Simulating Algal Interactions and Eutrophication Dynamics in Development of the Clear Lake Nutrient TMDL, California
Clear Lake, the largest natural lake entirely within the borders of California, suffers from significant nutrient enrichment, causing frequent blooms of blue-green algae that impact municipal water supply, agriculture (irrigation and stock watering), recreation (contact and noncontact),
warm freshwater habitat, warm spawning, and wildlife habitat (CVRWQCB, 1998). The major external nutrient source is from watershed runoff, while Past studies also suggest that internal loading from benthic release and nitrogen fixation represent significant contributions to the nutrient budget.
Wastewater and groundwater contribute, but not significantly, to nutrient loading in Clear Lake. In order to accurately represent the complex chemical and biological interactions exhibited by Clear Lake, and blue-green algae blooms in particular, a detailed hydrodynamic and water quality model
was developed based on an enhanced 3-D Environmental Fluid Dynamics Code (EFDC) modeling framework. The boundaries of the EFDC model were forced by a Loading Simulation Program- C++ (LSPC) watershed loading model. Based on this linkage, the hydrodynamic model was able to simulate water balance,
water circulation, and temperature distribution in the lake. The receiving water EFDC model was configured to receive loads from LSPC and subsequently represent the limiting effects of nutrients, the interactions between blue-green and other algal species, nutrient fate and transport within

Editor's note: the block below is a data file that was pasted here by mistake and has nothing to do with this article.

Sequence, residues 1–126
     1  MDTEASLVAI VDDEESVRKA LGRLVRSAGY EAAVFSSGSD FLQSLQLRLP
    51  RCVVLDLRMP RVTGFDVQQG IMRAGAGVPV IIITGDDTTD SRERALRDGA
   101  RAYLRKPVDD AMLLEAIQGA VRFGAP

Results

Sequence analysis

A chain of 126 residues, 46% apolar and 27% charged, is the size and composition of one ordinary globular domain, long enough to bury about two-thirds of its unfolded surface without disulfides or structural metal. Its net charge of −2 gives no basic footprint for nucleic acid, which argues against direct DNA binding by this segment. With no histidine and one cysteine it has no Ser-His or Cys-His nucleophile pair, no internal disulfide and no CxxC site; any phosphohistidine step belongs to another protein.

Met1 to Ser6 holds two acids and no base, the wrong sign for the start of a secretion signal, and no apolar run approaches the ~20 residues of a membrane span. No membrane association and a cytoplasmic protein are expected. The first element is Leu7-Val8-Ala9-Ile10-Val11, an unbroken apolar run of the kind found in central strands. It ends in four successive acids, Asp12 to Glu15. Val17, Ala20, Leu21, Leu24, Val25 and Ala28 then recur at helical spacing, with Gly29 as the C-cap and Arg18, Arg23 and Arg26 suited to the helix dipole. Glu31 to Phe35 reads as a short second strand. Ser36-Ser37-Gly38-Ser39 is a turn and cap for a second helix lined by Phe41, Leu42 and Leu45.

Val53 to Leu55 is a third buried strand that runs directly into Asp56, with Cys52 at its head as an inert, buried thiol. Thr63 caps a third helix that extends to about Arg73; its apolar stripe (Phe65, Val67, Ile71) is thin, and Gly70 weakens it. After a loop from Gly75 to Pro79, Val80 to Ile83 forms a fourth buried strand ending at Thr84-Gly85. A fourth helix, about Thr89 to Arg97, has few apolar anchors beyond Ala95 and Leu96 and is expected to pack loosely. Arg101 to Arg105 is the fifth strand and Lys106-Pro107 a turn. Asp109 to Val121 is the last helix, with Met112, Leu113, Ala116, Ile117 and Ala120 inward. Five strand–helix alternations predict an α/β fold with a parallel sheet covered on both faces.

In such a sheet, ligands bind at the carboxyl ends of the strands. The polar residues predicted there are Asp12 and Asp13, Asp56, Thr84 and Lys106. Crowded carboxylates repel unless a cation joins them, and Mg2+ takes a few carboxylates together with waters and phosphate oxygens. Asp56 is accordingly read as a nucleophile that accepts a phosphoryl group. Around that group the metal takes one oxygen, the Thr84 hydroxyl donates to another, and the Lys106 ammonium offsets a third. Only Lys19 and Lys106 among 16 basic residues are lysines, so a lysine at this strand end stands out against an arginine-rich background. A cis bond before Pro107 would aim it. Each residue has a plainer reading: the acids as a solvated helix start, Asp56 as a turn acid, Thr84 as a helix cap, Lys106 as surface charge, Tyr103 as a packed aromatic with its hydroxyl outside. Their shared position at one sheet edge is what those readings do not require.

the water column, and dissolved oxygen dynamics. In addition to water column processes, sediment diagenesis was also represented and linked to the water column model to account for internal sources and sinks of nutrients and dissolved oxygen. This capability is particularly useful during a
TMDL analysis, where loading scenarios should (and in reality, would) have a direct impact on sediment nutrient contributions to the water column. It was observed that the model is able to simulate both the inter-year and seasonal succession of diatom populations, blue-green algae and green
algae, and establish significant relationships between algal biomass, nutrients, and dissolved oxygen. This was demonstrated through successful representation of the worst observed blue-green algae bloom on record (summer of 1990) and the recovery that followed. This capability provides a
valuable tool to investigate the relative impacts of sources and sinks in the Clear Lake system, and thus conditions that are critical in maintaining the beneficial uses in the waterbody. Once the Clear Lake modeling system was calibrated and validated to observed physical and water quality
data, it was utilized to estimate an appropriate nutrient target for Clear Lake. The nutrient criteria for Clear Lake is narrative, providing an opportunity to utilize the calibrated model to estimate an appropriate, site-specific TMDL target for Clear Lake. Based on the analysis of historical
water quality and algal bloom records, a TMDL target and subsequent allocations were developed for Clear Lake.
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